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For an unknown number of people, their heart disease is caused by a condition called ATTR amyloidosis.
For this widely under-diagnosed, progressive and often fatal disease, there are few options for treatment.
When the protein transthyretin (TTR) falls apart, it can clump together and morph into amyloids – a cluster of misfolded proteins that stick together. These are acutely dangerous when deposits form in the heart, as they can result in amyloid-TTR amyloidosis (ATTR amyloidosis): a type of heart failure long hidden in the shadows, poorly studied.
Princess Margaret Cancer Centre Senior Scientist Avi Chakrabartty says the problem of ATTR amyloidosis being under-recognized is compounded by the fact that standard heart medications – including blood thinners, statins and digoxin – may not work, and may in fact be harmful.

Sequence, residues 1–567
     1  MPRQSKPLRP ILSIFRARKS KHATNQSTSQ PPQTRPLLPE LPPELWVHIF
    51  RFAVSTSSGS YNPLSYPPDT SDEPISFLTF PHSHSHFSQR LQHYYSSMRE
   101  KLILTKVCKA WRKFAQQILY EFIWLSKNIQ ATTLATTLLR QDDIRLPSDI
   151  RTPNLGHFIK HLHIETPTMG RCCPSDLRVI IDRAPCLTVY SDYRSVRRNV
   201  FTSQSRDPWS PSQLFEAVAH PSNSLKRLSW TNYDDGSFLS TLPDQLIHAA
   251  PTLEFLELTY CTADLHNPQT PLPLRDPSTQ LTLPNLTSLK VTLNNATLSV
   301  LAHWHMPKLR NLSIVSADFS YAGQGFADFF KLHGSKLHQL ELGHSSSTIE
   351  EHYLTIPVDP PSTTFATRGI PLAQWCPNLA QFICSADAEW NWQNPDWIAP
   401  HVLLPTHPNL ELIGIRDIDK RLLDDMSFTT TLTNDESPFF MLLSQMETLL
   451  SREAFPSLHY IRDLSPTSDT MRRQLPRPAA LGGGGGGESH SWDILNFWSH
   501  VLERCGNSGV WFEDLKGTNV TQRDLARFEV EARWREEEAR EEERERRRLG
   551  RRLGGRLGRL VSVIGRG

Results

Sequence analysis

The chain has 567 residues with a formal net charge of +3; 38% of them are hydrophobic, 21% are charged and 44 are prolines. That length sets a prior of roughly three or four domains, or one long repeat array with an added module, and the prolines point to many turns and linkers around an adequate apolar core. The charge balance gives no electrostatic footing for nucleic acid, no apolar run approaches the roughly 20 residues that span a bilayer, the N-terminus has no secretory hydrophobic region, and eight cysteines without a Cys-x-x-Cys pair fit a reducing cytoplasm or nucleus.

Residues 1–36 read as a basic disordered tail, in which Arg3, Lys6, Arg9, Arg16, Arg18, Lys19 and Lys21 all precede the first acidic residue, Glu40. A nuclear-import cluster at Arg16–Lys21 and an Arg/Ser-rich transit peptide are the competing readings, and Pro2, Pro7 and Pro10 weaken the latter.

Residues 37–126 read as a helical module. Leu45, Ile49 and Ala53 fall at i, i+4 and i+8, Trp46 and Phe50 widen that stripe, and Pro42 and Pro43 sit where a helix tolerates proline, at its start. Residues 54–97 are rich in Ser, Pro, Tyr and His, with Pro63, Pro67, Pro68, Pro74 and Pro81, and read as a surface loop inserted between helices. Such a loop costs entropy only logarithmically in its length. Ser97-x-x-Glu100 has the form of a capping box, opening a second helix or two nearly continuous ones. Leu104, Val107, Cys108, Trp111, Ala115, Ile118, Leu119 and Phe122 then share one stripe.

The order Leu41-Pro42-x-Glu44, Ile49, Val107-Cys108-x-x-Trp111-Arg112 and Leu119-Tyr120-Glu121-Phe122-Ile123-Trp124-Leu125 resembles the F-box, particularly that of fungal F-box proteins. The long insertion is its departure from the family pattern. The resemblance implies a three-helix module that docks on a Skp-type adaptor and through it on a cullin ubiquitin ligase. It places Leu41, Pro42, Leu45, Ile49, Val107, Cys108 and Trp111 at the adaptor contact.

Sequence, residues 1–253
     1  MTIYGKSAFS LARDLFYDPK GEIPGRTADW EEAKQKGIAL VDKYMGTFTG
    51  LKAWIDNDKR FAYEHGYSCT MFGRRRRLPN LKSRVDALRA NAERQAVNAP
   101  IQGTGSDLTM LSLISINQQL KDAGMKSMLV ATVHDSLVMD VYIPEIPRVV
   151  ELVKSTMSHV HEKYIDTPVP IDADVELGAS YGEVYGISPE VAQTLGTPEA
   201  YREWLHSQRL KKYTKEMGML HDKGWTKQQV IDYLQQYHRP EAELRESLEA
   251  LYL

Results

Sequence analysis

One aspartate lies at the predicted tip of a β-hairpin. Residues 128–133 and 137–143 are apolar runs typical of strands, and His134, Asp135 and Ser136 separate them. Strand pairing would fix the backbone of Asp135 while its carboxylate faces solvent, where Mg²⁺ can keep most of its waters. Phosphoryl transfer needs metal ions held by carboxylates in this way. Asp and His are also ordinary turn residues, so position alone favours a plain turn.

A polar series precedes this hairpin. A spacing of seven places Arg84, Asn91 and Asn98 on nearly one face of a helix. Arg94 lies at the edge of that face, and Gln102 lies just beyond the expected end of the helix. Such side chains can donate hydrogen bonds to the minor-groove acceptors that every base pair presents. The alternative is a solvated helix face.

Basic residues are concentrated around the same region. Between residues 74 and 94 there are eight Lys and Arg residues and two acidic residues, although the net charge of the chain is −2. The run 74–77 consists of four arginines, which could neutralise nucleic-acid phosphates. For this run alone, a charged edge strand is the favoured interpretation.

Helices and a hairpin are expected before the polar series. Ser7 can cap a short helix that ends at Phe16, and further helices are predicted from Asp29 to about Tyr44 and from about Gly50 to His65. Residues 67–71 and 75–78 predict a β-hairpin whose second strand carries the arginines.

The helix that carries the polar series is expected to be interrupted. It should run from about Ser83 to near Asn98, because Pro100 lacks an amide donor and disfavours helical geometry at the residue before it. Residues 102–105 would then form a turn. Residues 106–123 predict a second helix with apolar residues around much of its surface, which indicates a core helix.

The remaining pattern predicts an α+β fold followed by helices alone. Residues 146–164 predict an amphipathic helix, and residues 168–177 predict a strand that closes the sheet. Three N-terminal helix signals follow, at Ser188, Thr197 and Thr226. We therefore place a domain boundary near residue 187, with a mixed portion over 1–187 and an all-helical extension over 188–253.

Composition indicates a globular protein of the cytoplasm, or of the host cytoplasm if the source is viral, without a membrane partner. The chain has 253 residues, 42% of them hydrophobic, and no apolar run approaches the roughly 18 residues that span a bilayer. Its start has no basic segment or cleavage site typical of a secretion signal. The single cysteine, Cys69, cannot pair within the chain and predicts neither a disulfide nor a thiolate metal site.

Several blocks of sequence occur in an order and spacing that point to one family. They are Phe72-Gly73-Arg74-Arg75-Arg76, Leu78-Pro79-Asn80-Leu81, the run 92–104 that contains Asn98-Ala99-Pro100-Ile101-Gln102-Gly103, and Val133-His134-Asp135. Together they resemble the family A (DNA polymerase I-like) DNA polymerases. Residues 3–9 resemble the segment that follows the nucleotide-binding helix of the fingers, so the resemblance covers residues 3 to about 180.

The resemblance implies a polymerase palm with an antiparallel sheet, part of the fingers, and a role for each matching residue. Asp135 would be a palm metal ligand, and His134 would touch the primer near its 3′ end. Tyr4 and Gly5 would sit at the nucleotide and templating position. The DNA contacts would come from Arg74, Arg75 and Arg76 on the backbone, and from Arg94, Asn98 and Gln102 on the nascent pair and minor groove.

"There seems to be an unmet need for diagnosis and treatment," Dr. Chakrabartty says. "That was the impetus for starting the research."
His lab discovered an antibody target that is hidden when a protein acts normally, but exposed when it falls apart. Less than a decade later, this set the stage for a novel clinical trial that began in late March.
The trial is not accruing patients at this time.